TBK1 comprises an N-terminal kinase domain that is flanked by a ubiquitin-like domain (ULD) [35] which has been suggested to form an intramolecular interaction required for catalytic activity. The C-terminal portion of TBK1 contains two coiled-coils whose function is unclear. We created a series of truncation and deletion mutants (Fig. 3A) and assessed the consequences on TBK1 activity at the level of autophosphorylation on Ser 172 (Fig. 3B), kinase activity (Fig. 3C) and transcriptional activation of the IFN-β promoter (Fig. 3D). In all three read-outs, we observed a similar picture: While TBK1 wt and TBK1ΔCC2 were active, all other mutants were completely inactive. The impairment of the ULD deletion mutant has been reported earlier and has been rationalized by an intramolecular interaction between the kinase domain and the ULD that is required for catalytic output [35]. The interaction of TANK, Sintbad and NAP1 with TBK1 was shown to depend on the TBK1-binding domain (TBD) that is shared by all three adaptors [14]. In contrast, it is not known which region in TBK1 is required for adaptor binding. We therefore assessed the requirements for TBK1 adaptor binding using the various deletion and truncation mutants eluded to earlier (Fig. 3A). TANK, Sintbad and NAP1 were specifically associated with TBK1, but not with the negative control Ku70 (Fig. 4A). Binding of TANK, Sintbad and NAP1 was selectively abrogated in mutants lacking the coiled-coil 2 (Fig. 4A), indicating that TANK, Sintbad and NAP1 associate with the same region in TBK1, namely the coiled-coil 2. In addition, fusion of the C-terminus of TBK1 (amino acids 621–729) to GFP was sufficient to artificially induce TBK1 adaptor binding (Fig. 4B), strongly suggesting that the C-terminal coiled-coil 2 is the TBK1 adaptor binding domain. Given the fact that deletion of the coiled coil 2 does not impair TBK1 function upon overexpression (Fig. 3B–D), the TBK1 adaptors seem to be dispensable under these experimental conditions.

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Figure 3. Structural requirements for TBK1 activity.

(A) (A) Individual domains of murine TBK1 were either truncated or deleted as indicated in the schematic (kinase domain 1–297, ubiquitin-like domain 304–382, coiled coil 1 619–657, coiled coil 2 682–713). Myc-tagged TBK1 wt or deletion mutants (schematically represented in (A)) were expressed as indicated by transient transfection of 293T cells. Lysates were analyzed by immunoblotting for phospho-TBK1 (B) or submitted to immunoprecipitation using anti-Myc agarose (C). Immunoprecipitates were incubated with a biotinylated IRF3-derived peptide (DLHISNSHPLSLC) in the presence of [γ32-P]ATP and incorporated radioactivity was quantified as described in the methods section. (D) Myc-tagged TBK1 wt or deletion mutants were expressed as indicated by transient transfection of 293T cells in the presence of pIFN-Luc and pRL-TK (Promega). Lysates were analyzed using the DualGlo Luciferase Assay System (Promega). Results were normalized to Ku70-induced IFN-β induction.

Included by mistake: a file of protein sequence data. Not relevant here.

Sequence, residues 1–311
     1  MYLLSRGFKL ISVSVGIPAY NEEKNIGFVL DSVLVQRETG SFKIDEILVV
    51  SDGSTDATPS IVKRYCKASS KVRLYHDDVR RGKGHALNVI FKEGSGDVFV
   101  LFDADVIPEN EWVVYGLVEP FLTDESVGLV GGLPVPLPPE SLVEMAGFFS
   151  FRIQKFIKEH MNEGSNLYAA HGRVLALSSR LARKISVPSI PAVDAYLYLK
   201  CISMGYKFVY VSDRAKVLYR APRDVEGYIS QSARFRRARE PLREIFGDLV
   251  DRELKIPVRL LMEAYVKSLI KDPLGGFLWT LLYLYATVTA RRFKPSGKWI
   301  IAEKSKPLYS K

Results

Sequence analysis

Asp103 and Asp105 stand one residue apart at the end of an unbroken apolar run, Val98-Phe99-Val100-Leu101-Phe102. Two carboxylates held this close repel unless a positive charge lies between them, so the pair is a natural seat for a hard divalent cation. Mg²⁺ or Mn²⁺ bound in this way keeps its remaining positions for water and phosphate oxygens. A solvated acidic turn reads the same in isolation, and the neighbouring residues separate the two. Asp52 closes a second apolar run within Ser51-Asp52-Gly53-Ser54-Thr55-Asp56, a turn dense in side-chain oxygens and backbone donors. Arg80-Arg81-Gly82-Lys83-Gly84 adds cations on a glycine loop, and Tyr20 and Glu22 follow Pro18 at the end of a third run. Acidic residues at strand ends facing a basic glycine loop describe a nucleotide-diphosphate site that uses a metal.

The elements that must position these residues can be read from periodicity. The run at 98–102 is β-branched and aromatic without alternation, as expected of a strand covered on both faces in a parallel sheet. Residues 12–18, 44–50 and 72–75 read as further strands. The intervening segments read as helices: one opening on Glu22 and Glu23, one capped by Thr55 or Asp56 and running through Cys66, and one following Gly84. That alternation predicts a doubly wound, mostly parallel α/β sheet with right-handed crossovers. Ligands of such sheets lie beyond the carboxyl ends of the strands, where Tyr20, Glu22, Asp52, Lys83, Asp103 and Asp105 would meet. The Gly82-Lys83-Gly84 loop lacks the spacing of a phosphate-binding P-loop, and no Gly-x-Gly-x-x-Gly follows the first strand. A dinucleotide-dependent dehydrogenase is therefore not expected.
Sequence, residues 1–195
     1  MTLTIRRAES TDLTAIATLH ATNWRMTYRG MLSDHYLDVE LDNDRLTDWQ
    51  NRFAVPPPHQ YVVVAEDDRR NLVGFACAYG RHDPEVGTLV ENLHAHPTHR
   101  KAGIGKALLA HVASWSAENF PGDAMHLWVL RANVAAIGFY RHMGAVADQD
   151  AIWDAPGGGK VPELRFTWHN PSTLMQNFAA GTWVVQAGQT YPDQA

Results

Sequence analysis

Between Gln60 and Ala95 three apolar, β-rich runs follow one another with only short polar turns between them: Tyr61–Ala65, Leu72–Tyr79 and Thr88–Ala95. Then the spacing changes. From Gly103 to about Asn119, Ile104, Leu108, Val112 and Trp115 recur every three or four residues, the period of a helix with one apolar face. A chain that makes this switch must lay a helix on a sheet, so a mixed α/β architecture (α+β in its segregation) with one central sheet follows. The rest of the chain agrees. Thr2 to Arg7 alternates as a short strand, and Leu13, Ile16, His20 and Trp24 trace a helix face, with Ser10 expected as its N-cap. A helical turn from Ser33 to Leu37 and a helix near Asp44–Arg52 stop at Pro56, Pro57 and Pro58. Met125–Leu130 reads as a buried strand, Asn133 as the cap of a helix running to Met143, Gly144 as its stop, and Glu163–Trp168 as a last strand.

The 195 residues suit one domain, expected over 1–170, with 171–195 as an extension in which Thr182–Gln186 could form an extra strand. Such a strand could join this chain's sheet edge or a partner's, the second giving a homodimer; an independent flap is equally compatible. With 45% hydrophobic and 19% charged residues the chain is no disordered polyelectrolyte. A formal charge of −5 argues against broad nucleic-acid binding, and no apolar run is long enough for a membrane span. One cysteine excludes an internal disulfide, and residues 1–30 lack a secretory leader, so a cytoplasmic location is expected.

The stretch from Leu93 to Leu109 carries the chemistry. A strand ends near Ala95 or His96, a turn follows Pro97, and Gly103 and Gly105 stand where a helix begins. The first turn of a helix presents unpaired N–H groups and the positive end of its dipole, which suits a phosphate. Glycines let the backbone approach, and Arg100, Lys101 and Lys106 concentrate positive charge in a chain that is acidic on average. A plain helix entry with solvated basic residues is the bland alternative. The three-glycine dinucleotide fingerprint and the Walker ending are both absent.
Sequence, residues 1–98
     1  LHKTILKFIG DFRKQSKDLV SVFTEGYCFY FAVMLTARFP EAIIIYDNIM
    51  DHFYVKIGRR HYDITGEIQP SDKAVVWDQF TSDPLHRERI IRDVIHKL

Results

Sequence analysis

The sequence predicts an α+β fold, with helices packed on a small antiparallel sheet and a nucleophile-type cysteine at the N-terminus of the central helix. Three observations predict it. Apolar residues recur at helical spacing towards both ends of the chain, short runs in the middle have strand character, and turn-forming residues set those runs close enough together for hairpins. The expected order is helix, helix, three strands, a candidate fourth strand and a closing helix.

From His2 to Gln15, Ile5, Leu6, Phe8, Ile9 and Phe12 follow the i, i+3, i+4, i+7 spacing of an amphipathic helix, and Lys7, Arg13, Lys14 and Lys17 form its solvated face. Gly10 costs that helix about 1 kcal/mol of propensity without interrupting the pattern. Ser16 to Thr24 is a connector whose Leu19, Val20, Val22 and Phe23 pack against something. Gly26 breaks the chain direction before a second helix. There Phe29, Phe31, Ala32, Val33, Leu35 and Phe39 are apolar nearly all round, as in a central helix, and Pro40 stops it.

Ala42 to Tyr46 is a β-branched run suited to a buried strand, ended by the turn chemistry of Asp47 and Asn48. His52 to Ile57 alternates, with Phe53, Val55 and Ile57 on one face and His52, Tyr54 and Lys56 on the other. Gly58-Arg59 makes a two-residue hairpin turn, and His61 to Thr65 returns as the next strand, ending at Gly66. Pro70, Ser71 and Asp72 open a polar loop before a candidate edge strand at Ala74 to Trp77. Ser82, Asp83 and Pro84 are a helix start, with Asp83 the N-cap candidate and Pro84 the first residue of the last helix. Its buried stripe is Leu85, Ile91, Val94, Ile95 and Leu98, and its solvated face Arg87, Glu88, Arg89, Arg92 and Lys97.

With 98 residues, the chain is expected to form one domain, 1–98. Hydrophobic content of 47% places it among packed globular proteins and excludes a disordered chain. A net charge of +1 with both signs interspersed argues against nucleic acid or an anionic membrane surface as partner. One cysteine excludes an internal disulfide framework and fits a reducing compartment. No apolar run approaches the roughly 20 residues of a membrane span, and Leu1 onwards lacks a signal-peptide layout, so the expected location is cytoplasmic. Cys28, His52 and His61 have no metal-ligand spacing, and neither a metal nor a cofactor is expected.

https://doi.org/10.1371/journal.pone.0023971.g003

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Figure 4. TANK, Sintbad and NAP1 all bind to the coiled-coil 2 region in TBK1.

Myc-tagged TBK1 wt or deletion mutants were coexpressed with V5-tagged TBK1 adaptors as indicated by transient transfection of HEK293 cells. Lysates were subjected to immunoprecipitation using anti-Myc agarose (Sigma) or anti-V5 agarose (Sigma). Lysates and eluates were analyzed by immunoblotting for anti-Myc-IRDye800 (Rockland) or anti-V5 (Invitrogen).

https://doi.org/10.1371/journal.pone.0023971.g004

If all TBK1 adaptors associate with the same region in TBK1, this would imply that they either bind simultaneously or compete for binding of the coiled-coil 2 in TBK1. As our previous data (Fig. 1) argued against the former, we tested whether the latter was true by incubating TBK1 with increasing amounts of one adaptor in the presence of constant amounts of the other adaptor. We observed that increasing amounts of Sintbad decreased the amount of TANK associated with TBK1 (Fig. 5A). Similar observations were made for NAP1 (Fig. 5B) which was also competed away by Sintbad. Reduced Sintbad binding was more evident in the presence of increasing amounts of TANK (Fig. 5A) than of NAP1 (Fig. 5B), but NAP1 was also much lower expressed than Sintbad. Overall, these data lend support to a model of mutually exclusive binding of the adaptors to TBK1.